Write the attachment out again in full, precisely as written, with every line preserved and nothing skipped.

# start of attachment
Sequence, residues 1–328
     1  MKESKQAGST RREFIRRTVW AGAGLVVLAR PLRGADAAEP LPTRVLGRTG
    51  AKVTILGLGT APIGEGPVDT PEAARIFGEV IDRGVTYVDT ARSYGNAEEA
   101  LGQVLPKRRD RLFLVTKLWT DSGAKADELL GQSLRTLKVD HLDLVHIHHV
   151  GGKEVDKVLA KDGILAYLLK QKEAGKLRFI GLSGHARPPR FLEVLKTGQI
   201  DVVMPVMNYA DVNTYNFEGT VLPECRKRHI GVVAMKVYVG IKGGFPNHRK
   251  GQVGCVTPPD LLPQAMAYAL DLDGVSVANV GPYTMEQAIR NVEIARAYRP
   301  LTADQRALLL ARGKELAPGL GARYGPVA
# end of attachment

Sequence, residues 1–328
     1  MKESKQAGST RREFIRRTVW AGAGLVVLAR PLRGADAAEP LPTRVLGRTG
    51  AKVTILGLGT APIGEGPVDT PEAARIFGEV IDRGVTYVDT ARSYGNAEEA
   101  LGQVLPKRRD RLFLVTKLWT DSGAKADELL GQSLRTLKVD HLDLVHIHHV
   151  GGKEVDKVLA KDGILAYLLK QKEAGKLRFI GLSGHARPPR FLEVLKTGQI
   201  DVVMPVMNYA DVNTYNFEGT VLPECRKRHI GVVAMKVYVG IKGGFPNHRK
   251  GQVGCVTPPD LLPQAMAYAL DLDGVSVANV GPYTMEQAIR NVEIARAYRP
   301  LTADQRALLL ARGKELAPGL GARYGPVA